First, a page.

Book Review: ‘White Lies, Black Dare’ by Joanna Nadin

Author: Joanna Nadin

Originally Published by Hodder and Stoughton in 2016

Review by Miriam Atkinson

White Lies, Black Dare is a compelling book for teenagers and young readers. The story follows teenager Asha as she is forced to move back to her old neighbourhood and join the local secondary school. Asha must then carve out her own place within the student hierarchy by entering into a dangerous game of Truth or Dare with the school trouble-makers and queen-bees, Angel and Kelly. Along the way Asha explores her own identity as she struggles to cope with the consequences her actions bring in this coming-of-age novel.

The first thing that struck me when reading the book was how completely realistic it felt. Joanna Nadin has perfectly captured the school setting, the interactions between the teenage girls, the complicated relationship a teenager has at that age with their family, and how the characters (particularly the younger characters) think and feel and speak. As people get older and move into the wider adult world childhood problems can seem unimportant, but White Lies, Black Dare is a fantastic reminder of the heightened yet contained environment secondary school can be. It is a place where confusion, loneliness and triumph can all be experienced in a single day and where every decision, even a simple choice about who to sit with at lunchtime, can feel like life and death if you make the wrong call.  Everything about this book felt completely genuine and very relatable to the point where I could have been reading about real people rather than a group of characters.

What Nadin does so brilliantly is she takes a small concept, such as the game of truth or dare or the idea of lying, and uses it to explore a much greater array of themes and issues that a young person could face growing up. One example this takes is the peer-pressure Asha is placed under by Angel and Kelly as she struggles between trying to fit in and be part of their friendship group while at the same time knowing she should do the right thing and live her life as her family expect her too.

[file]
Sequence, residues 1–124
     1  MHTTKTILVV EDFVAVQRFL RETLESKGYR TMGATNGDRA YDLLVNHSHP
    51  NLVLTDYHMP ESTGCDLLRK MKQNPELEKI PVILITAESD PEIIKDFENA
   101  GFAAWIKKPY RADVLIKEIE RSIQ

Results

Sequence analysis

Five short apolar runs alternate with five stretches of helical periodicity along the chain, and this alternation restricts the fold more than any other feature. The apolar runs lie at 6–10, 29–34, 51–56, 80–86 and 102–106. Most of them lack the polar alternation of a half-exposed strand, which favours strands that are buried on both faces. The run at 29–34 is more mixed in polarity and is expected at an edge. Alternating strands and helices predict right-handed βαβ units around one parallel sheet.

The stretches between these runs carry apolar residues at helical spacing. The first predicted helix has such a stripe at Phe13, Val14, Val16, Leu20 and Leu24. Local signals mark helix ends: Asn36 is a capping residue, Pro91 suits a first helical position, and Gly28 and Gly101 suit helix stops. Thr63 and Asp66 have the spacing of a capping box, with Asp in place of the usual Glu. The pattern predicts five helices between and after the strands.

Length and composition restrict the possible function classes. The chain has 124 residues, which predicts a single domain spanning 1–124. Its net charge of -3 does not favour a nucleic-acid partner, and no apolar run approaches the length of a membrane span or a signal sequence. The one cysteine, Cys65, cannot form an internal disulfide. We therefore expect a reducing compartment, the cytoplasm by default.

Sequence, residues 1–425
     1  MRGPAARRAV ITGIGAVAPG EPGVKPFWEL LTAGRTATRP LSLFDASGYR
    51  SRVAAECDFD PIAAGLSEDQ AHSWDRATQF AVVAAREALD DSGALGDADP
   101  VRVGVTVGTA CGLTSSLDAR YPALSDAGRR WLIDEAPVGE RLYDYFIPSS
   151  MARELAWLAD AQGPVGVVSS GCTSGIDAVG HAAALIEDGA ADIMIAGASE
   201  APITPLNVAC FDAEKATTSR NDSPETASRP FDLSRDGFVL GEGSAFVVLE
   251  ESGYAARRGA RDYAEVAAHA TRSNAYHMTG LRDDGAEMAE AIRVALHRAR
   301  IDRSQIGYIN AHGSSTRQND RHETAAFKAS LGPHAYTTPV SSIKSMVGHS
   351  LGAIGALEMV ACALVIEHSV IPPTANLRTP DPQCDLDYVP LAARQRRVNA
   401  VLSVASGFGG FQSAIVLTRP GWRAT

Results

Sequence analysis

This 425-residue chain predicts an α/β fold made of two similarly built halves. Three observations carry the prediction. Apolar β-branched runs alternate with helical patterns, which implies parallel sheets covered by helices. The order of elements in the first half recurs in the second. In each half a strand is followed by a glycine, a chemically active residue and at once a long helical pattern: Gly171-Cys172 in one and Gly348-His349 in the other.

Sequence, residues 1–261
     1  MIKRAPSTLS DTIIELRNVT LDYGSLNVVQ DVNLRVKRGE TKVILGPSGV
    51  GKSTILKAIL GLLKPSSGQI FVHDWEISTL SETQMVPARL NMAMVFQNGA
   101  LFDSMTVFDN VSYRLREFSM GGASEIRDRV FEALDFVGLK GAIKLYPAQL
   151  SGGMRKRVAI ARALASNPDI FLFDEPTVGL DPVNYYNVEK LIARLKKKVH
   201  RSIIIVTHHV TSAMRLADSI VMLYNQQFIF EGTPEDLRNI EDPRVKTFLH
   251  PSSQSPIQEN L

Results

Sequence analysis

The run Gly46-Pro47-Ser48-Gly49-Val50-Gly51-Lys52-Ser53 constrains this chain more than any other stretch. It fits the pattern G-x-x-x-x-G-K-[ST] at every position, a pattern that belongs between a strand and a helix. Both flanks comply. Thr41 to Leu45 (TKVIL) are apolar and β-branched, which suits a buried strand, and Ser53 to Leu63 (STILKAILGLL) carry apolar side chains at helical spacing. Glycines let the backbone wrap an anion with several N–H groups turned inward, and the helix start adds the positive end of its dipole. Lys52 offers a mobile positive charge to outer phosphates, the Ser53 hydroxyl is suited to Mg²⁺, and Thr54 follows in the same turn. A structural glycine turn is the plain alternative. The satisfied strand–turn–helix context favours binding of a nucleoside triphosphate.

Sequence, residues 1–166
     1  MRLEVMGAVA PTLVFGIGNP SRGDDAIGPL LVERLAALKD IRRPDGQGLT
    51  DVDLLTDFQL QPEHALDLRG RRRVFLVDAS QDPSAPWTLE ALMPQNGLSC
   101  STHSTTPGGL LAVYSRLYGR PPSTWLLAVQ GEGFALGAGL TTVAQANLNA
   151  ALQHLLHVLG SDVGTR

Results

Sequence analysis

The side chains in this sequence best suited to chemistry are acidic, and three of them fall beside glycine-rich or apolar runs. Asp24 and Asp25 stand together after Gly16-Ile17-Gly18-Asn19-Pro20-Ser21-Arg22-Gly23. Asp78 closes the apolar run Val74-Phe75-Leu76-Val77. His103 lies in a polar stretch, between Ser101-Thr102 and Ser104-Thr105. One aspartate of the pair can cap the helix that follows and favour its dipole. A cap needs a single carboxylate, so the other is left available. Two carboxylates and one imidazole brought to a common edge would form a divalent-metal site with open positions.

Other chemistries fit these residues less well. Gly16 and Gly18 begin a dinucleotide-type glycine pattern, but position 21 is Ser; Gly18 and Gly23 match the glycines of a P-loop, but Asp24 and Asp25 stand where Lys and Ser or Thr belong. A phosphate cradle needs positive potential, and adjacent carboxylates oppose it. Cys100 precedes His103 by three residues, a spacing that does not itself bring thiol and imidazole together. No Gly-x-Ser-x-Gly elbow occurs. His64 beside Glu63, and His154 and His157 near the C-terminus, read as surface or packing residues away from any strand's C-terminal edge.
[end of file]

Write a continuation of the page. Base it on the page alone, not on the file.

The tension is wonderfully increased through the narrative. The novel shows a fascinating progression of how one small, seeming harmless act can eventually cause big consequences. Asha’s actions and deceptions spiral out until we reach the gripping climax where Asha fights to regain a level of control over her life. This was a highly enjoyable scene as by this point in the novel I had no idea what the characters would do or say next. Yet woven throughout White Lies, Black Dare is the moral message of what can happen with lying, with one lie leading to another and another, until that person is at risk of losing who they used to be.

This review was originally published in the online magazine Cuckoo Review in March 2016

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